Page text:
Rapid accumulation of trihydroxy oxylipins and resistance to the bean rust pathogen Uromyces fabae following wounding in Vicia faba.

Details

Serval ID
serval:BIB_EB4952B4FE27
Type
Article: article from journal or magazin.
Collection
Publications
Institution
Title
Rapid accumulation of trihydroxy oxylipins and resistance to the bean rust pathogen Uromyces fabae following wounding in Vicia faba.
Journal
Annals of Botany
Author(s)
Walters D.R., Cowley T., Weber H.
ISSN
0305-7364 (Print)
ISSN-L
0305-7364
Publication state
Published
Issued date
2006
Peer-reviewed
Oui
Volume
97
Number
5
Pages
779-784
Language
english
Notes
Publication types: Journal Article ; Research Support, Non-U.S. Gov't
Publication Status: ppublish
Abstract
BACKGROUND AND AIMS: Insect damage to plants leads to wound-activated responses directed to healing of damaged tissues, as well as activation of defences to prevent further insect damage. Negative cross-talk exists between the jasmonic acid-based signalling system that is activated upon insect attack and the salicylic acid-based system frequently activated following pathogen infection. Thus, insect attack may compromise the ability of the plant to defend itself against pathogens and vice versa. However, insect herbivory and mechanical wounding have been shown to reduce fungal infections on some plants, although the underlying mechanisms remain to be defined. This work examines the effects of mechanical wounding on rust infection both locally and systemically in the broad bean, Vicia faba and follows changes in oxylipins in wounded leaves and unwounded leaves on wounded plants.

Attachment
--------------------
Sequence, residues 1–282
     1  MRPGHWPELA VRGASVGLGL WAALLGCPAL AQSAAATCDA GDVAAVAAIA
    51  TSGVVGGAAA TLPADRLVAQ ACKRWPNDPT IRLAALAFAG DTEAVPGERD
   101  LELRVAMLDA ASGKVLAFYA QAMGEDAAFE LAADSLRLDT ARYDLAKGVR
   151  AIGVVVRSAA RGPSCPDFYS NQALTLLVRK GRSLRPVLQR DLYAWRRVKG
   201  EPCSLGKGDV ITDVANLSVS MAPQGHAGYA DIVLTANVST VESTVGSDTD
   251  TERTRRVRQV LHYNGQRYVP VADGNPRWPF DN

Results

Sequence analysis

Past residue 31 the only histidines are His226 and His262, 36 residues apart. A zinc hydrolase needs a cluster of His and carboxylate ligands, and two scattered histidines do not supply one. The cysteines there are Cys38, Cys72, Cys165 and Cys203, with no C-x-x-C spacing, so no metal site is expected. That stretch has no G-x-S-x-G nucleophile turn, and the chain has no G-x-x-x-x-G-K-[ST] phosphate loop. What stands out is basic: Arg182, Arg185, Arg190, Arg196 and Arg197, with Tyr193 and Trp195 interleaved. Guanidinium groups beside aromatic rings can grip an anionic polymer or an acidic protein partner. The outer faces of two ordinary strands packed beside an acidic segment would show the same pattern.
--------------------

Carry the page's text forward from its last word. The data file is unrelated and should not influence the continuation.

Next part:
METHODS: The lamina of first leaves was wounded by crushing with forceps, and first and second leaves were then inoculated, separately, with the rust Uromyces fabae at various times over a 24 h period. Wounded first leaves and unwounded second leaves were harvested at intervals over a 24 h period and used for analysis of oxylipin profiles. KEY RESULTS Mechanical wounding of first leaves of broad bean led to significantly reduced rust infection in the wounded first leaf as well as the unwounded second leaf. Increased resistance to infection was induced in plants inoculated with rust just 1 h after wounding and was accompanied by rapid and significant accumulation of jasmonic acid and two trihydroxy oxylipins in both wounded first leaves and unwounded second leaves. The two trihydroxy oxylipins were found to possess antifungal properties, reducing germination of rust spores.
CONCLUSIONS: These results demonstrate the rapidity with which resistance to pathogen infection can be induced following wounding and provides a possible mechanism by which pathogen infection might be halted.
Keywords
Animals, Fungi/physiology, Hydroxy Acids/metabolism, Insects, Lipid Metabolism, Oleic Acids/metabolism, Plant Diseases, Plant Leaves/metabolism, Plant Leaves/microbiology, Vicia faba/metabolism, Vicia faba/microbiology
Pubmed
Open Access
Yes
Funding(s)
University of Lausanne
Create date
03/12/2015 12:12
Last modification date
29/01/2020 6:26
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